After 8 h of fasting being enforced by the withdrawal of feed on d 15, the birds were weighed. Twenty birds used as the initial slaughter group were euthanized by cervical dislocation, with their feathers being removed and weighed. Then, the feathers and carcasses were frozen (−20°C). The remaining 96 birds were fed using the respective experimental feed intake until d 21 when the birds were killed in the same way. The excreta from each cage were collected from d 15 to 21, pooled together, and processed as previously described. The frozen carcasses from the same replicate were first cut in small pieces, then mixed and ground with a meat grinder. Ground carcass samples were accurately weighed before and after freeze-drying to calculate the dry matter (DM) content and finely ground for further analyses. The pooled feathers were also ground for further analyses.

Chemical analysis

The gross energy (GE) content of diet, excreta, carcass, and feather samples from each evaluation method were determined in a bomb calorimeter (C2000, IKA, Guangzhou, China) using benzoic acid as a standard. The nitrogen content of carcasses and feathers were determined with a combustion analyzer (Dumatherm, Gerhardt, Germany) using ethylenediaminetetraacetic acid as a calibration standard, with crude protein being calculated by multiplying percentage N by a correction factor (6.25). The fat content was analyzed using the classical Soxhlet petroleum-ether extraction.

Calculations

For the ICM, the RE was calculated as the difference between the MEI and HP. For the CSM, the RE was calculated as the difference between final GE content of the total body (d 21) and initial GE content of the total body (d 15), and the HP was calculated as the difference between the MEI and RE. The MEI was calculated as follows:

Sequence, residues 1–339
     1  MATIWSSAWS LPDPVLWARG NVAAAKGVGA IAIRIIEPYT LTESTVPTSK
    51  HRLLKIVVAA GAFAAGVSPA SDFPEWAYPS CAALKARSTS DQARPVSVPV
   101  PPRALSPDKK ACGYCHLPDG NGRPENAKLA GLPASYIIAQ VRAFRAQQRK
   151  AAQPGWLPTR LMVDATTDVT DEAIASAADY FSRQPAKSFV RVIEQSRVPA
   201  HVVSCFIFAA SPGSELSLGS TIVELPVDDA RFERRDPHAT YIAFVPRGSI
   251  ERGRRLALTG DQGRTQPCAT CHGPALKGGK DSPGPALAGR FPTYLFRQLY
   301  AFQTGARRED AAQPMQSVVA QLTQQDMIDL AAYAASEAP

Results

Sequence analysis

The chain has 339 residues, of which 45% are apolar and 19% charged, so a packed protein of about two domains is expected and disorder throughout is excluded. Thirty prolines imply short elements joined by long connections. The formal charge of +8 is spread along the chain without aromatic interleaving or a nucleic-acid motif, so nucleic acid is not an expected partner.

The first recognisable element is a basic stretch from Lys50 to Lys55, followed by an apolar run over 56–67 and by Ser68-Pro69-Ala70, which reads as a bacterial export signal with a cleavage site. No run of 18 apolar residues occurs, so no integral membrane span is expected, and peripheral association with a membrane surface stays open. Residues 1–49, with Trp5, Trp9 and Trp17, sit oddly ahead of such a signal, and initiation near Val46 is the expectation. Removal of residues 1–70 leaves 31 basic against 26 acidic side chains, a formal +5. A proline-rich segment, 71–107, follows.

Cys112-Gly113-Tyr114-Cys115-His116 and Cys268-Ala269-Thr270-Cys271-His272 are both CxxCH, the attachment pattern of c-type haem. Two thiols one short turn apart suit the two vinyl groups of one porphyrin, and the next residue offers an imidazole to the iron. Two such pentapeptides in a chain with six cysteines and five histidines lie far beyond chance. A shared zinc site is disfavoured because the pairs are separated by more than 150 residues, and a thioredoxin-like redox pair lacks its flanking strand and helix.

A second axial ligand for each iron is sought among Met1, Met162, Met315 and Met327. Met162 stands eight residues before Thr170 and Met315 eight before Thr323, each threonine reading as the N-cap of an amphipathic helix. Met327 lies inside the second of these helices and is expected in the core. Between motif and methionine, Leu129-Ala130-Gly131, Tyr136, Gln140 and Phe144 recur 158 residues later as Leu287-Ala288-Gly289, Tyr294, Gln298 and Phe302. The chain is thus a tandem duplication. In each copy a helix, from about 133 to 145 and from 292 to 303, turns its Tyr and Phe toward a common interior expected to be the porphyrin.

MEI (kJ)=ME×FI,

where FI is the feed intake (kg of DM).

Energy retained as fat (REf) and protein (REp) were calculated as follows:

REf(kJ)=[total body fat content d 21(g)-total body fat content d 15(g)]×38.2kJ/g,REp(kJ)=[total body protein content d 21(g)-total body protein content d 15(g)]×23.6kJ/g,

where the values of 38.2 and 23.6 kJ/g are energy values per gram of fat and protein, respectively, and were according to Larbier and Leclercq [15].

The ME and NE of the diet were determined using the following equations:

ME (kJ/kg of DM)=(GEI-GEE)/FI,NE (kJ/kg of DM)=(RE+FHP)/FI,

where GEI is the gross energy intake (kJ/kg), GEE is the gross energy output of excreta (kJ/kg), and FI is the feed intake (kg of DM). The results for the MEI, RE, and HP were expressed as kJ/kg of BW0.75/d.

The relationship between the RE and MEI were calculated using the following linear regression [7]:

RE=a+b×MEI.

The logarithmic relationship between the HP and MEI were calculated using the following regression [5]: